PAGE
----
It’s 2019, the youth are striking for the good of the climate, and I couldn’t be more proud.
Tomorrow, thousands of British students across the country like myself are walking out of class. Over the past few months, young people across the world have been doing the same to demand that their governments take action against climate change. There were 15,000 students in Australia and 35,000 in Belgium. But it was one girl in Sweden who started it all.
Greta Thunberg is that girl. In August last year, she refused to go to school every day until the Swedish elections, asking politicians to take action against climate change. Since then, she’s protested outside the Riksdag parliament house every Friday, sparking the #FridaysForFuture movement, and now she is joined by hundreds of other students every week.
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Our generation will no longer accept catastrophic changes that are negatively affecting our future. Years of limited action against climate change, years of covered-up information on the climate crisis, and now we are finally saying enough is enough.
Developing countries are only getting around US$35-49 billion a year in aid to adapt to climate change. Government subsidies for fossil fuels are US$331 billion a year, around eight times as much.
However, our anger is not inarticulate and misdirected. It’s organised, coordinated and passionate, and we’re using it to ask for change. We deserve better from the people we’re supposed to place our trust in. We can’t even vote yet, but we will be faced with the consequences of politicians’ inaction for decades.
Action is needed, and so the UK Student Climate Network – a student-run climate activist group – has come up with four demands. We demand the government declares a climate emergency, taking active steps towards climate justice; we demand reform of our education system so it teaches all young people about the extent of the climate emergency; we demand the government warns the public about the peril that we face and the urgency that is required to act; and finally, we demand the government recognises that we have the biggest stake in our future, and so lowers the voting age to 16.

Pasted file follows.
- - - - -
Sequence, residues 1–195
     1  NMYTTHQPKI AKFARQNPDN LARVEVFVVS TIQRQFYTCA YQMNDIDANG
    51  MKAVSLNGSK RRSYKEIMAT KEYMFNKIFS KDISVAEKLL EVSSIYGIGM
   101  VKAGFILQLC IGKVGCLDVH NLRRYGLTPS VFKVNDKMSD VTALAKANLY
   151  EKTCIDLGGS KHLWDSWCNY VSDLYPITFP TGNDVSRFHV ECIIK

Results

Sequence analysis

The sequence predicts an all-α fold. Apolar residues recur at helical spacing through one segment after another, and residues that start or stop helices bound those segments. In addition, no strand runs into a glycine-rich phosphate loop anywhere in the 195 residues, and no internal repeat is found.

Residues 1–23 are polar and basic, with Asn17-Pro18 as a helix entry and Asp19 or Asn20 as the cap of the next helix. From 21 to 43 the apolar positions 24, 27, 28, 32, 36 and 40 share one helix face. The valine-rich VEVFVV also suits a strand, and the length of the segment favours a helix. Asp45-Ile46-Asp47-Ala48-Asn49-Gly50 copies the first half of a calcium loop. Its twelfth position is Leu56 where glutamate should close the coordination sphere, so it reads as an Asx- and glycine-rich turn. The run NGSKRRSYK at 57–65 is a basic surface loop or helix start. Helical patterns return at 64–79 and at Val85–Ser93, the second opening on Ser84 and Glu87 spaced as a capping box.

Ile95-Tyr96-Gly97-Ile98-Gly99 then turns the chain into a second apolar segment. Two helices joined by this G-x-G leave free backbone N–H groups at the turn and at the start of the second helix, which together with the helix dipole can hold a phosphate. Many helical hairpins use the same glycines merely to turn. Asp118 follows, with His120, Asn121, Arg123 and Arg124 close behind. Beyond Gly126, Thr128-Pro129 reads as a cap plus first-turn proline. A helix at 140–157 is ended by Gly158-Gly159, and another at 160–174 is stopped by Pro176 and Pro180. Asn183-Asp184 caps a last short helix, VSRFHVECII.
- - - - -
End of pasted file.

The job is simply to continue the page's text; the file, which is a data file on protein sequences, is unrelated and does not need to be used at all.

These, to me, seem like relatively simple demands. Maybe I will get told I don’t know enough about politics, or have another condescending remark directed at me about my age and lack of political experience. But perhaps our youthfulness is to our advantage: we believe change is possible, and we’re not old enough to have given up hope yet. “From action,” Greta says, “comes hope.” She’s right. I have so much hope for us and the more we act, the more our hope grows. It has spread across the globe to young activists everywhere. “I will not beg the world leaders to care for our future,” says Greta. “I will instead let them know change is coming whether they like it or not.” She’s right, again. We are past patiently waiting for change. We’re acting, and we’re acting now.
Crop yields are expected to drop across the Pacific. The biggest decline is expected in Papua New Guinea and the Solomon Islands, where the staple sweet potato crop could halve by 2050.
When I think about it, this protest is long overdue. Having grown up with the knowledge that if nothing happens about climate change, I might not get the chance to do many of the things I want to do with my life. Because of this, taking action for our climate has always been something at the back of my mind. But it’s this movement, YouthStrike4Climate, that has empowered all of us to finally take action.
A lot of people have questioned my reasons for striking. There’s the obvious: I want to help bring about positive and meaningful action on climate change. However, on top of that, I can no longer justify doing nothing. This is what we owe to ourselves and the generation still to come. We simply can’t stand by and watch the world and our environment collapse around us.
I am lucky enough to be among a group of people who have supportive schools. They support the reason for striking – if not necessarily the way we’re doing it – although I may get an unauthorised absence on my school record. This is a price I’m willing to pay if it means a chance at securing all of our futures. Many schools are less supportive, not allowing strikes or threatening detention, but even those students are still planning to strike, showing the level of passion and dedication amongst young people today.
The United States constitutes 5% of the world population and contributes to 22% of world’s carbon emission.
This is a generation which has decided to change the world. And it starts with our strike tomorrow.
Lottie Tellyn is a 17-year-old school student and YouthStrike4Climate activist
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